A one page, full color & full bleed partnership outreach advert designed for Carnegie Mellon University's National Robotics Engineering Center.
This ad was designed with alternating angles to subconsicoulsy invoke the feeling of forward motion to help reinfoce the fact that NREC is a leader in robotics innovation. The sole use of red was used to visually seperate and target the university logo.
Not dead yet...
I remember hearing that print was dead in the early 2000's, which is amazing, given how much of my time has been spent designing print materials. While the digital world has transformed the way people connect to one another, nothing can ever beat the tangible connection between your target audience and that beautifully designed piece in their hands.
Whether a simple brochure advertising services or product, or a well polished and embossed postcard that surprises and delights, print still hold a magic that the intangible virtual world can never rival.
Its in these wonderful print gutters that I love to create designs that guide the viewer's eye and directs them to the content they don't yet realize they need, while also upholding brand standards and creating visual excitement.
Print is like building a puzzle in reverse, with your client handing you a pile of pieces that you have to fit together in a way that is harmonious, addresses the audience and stays on message. It's a fun challenge that few things can rival.
Marketing materials designed for the Southeastern Wing Tsun Center, the postcard and three panel brochure were designed to create excitement through a sense of constant visual movement. Each angle was designed to lead the viewer back to an area of interest.
Photos were selected that reflected the flow of the content, helping drive home that Wing Tsun Kung Fu is a form of martial arts centered around movement and flow.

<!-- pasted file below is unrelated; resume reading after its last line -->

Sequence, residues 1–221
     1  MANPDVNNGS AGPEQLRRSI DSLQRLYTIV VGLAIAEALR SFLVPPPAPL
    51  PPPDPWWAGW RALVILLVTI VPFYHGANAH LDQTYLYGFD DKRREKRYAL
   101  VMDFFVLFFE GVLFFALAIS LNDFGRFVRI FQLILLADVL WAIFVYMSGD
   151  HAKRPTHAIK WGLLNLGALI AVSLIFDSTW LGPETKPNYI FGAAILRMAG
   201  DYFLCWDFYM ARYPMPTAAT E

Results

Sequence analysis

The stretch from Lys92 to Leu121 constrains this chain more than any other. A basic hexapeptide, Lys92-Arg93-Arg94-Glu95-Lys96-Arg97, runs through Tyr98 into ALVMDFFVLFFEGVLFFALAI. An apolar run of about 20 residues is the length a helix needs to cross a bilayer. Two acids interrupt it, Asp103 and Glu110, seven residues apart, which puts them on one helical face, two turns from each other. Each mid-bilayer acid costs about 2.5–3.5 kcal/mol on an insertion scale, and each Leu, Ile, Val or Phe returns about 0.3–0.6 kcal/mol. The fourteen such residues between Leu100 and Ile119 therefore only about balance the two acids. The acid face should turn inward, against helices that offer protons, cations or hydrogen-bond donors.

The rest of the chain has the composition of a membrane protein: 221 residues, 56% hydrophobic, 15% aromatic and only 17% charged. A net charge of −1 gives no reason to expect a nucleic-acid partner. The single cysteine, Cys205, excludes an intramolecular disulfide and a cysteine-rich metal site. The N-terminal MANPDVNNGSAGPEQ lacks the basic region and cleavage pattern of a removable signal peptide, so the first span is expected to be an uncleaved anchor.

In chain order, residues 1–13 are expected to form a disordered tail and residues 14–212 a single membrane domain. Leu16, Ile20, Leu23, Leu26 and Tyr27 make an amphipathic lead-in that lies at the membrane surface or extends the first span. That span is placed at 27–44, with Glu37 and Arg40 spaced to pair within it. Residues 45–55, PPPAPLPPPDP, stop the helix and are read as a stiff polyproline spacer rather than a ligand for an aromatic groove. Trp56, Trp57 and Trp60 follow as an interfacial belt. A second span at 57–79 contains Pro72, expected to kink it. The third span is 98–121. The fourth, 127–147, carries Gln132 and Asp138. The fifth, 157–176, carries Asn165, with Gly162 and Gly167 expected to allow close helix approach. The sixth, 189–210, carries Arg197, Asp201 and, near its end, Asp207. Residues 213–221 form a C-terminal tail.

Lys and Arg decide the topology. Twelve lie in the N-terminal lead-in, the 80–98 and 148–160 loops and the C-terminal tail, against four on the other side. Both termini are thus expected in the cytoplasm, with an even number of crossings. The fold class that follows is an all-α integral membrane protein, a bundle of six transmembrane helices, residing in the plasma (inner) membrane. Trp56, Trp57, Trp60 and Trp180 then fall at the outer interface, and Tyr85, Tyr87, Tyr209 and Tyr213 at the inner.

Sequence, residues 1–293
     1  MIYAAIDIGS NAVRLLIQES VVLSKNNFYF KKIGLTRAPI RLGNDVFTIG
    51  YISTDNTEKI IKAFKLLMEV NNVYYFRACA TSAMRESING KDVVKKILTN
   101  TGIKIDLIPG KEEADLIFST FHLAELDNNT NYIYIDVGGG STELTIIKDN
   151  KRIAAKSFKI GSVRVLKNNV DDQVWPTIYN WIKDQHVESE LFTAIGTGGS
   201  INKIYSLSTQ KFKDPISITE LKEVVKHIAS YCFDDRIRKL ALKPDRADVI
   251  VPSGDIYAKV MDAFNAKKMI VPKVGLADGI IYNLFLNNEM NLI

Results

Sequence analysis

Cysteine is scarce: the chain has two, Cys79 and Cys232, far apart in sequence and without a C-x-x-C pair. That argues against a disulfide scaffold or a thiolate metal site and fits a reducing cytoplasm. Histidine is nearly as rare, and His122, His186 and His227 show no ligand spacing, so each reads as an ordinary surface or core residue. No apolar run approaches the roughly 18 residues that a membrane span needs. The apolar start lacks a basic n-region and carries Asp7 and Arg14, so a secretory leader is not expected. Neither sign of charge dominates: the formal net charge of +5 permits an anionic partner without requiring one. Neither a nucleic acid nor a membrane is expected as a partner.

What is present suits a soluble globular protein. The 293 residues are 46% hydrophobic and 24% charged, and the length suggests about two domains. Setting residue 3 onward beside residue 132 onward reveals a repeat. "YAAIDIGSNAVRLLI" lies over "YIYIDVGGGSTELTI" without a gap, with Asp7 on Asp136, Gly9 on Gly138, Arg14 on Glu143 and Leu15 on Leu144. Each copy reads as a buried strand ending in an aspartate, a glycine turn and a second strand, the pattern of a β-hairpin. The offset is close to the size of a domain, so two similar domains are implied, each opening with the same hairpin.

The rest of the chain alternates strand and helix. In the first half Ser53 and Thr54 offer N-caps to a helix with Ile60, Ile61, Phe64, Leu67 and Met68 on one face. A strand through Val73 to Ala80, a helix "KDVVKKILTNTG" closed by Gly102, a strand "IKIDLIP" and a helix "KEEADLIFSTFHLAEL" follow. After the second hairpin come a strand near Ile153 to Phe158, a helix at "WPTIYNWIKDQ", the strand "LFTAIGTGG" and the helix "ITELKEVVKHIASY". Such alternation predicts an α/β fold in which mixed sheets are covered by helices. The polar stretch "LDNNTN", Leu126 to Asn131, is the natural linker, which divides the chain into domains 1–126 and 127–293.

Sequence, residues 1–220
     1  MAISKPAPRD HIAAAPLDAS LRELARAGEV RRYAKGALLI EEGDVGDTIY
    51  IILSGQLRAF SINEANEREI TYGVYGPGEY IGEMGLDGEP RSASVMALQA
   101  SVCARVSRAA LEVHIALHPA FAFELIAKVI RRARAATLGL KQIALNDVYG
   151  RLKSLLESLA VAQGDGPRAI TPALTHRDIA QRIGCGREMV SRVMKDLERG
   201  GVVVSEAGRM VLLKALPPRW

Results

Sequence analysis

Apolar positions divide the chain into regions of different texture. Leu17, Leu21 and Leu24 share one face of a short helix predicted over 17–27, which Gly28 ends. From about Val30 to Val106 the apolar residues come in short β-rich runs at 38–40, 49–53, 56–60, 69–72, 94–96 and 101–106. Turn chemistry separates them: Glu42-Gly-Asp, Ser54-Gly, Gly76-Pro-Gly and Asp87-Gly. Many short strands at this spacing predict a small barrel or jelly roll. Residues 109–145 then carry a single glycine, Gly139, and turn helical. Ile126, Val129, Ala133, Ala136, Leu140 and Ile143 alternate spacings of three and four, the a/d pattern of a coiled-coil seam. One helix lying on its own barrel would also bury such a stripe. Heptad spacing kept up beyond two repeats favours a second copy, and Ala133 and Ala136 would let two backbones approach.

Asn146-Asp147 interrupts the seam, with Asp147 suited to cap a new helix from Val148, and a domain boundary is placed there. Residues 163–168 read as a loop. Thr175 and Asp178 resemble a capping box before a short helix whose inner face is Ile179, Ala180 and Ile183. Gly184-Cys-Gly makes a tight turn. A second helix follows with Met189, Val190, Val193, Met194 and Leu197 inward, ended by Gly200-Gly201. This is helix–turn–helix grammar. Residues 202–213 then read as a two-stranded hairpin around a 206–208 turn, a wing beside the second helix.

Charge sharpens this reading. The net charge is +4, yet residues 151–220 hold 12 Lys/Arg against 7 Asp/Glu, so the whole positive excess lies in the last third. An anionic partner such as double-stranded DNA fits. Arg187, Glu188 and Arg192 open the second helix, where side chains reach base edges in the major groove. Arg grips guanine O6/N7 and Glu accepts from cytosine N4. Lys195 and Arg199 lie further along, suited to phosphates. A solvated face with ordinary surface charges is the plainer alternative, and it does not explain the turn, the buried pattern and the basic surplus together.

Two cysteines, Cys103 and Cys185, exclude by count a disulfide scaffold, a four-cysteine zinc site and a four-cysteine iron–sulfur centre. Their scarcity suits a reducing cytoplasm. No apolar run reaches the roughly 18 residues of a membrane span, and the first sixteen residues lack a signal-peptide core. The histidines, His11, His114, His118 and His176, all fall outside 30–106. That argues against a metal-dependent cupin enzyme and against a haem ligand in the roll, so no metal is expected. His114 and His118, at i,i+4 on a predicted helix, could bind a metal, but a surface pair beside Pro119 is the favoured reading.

Designing a multi-page publication is a monumental challenge that takes a lot of pre-planning before ever sitting down to a computer.
For Blueprint, the Florida Department of Elder Affairs yearly publication, I started by creating a paper prototype, where I visually planned out each section, my page imposition, and even where I would use each of the photos I had been provided by the client.
This prototype became my design bible that helped me numerous times as I invariably got lost in the details of a document that averaged over twenty pages. While branding was dictated regarding color and font selection, I was able to take the constraints I was given and craft a piece that pleased the client and created a cohesive visual experience that helped educate and guide the target audience.
Realty Print Design
Marketing materials created for Pepine Realty. These brochures, postcards and signange required juggling multiple requirements, including a large amount of photos and copy, as well as company brand standards.
Few companies can present as many challenges as the realty industry, but the end results are also immediately tangible, with increased sales leads and home closings found after a successful marketing campaign.
Small Size, Big Impact
One of my favorite one-off projects, I was hired to create the packaging design for a lapel pin that was to be sold by my alma mater, Florida State University. My constraints were to use the university's approved color palette, and that the card could be no bigger than a business card.
I took the opportunity to highlight the importance of the lapel pin's iconography. The lapel pin I was designing for was that of Chief Osceola's spear, seen every game day during the fall by football fans around the country.
I created an illustration of Chief Osceola, hoisting the lapel pin in the same fashion as he lifts the real spear during opening ceremonies of every FSU home football game. I kept the text and layout minimum, given size constraints and the fact that I later found out a hologram would have to be added, but the impact was huge regardless.
Fans raved about the design and the lapel pins sold much faster than similar pins sold in the same on-campus store.
Fear the spear!
Business cards still carry extreme weight for businesses, and as such, need to reflect the voice and brand of the company as much as the website. One of my favorite pieces of late, I was hired by a forester to create iconography to accompany a business card design.
I was asked to incorporate the colors brown and green, but everything else was left to me, save the copy. I had a lot of fun using the colors to create visual content blocks to help differentiate the client's contact information from the services he offered.
Getting the opportunity to create the light hearted trees that tied into the iconography was great, as was the fact that he allowed for full bleed to really make the card pop visually.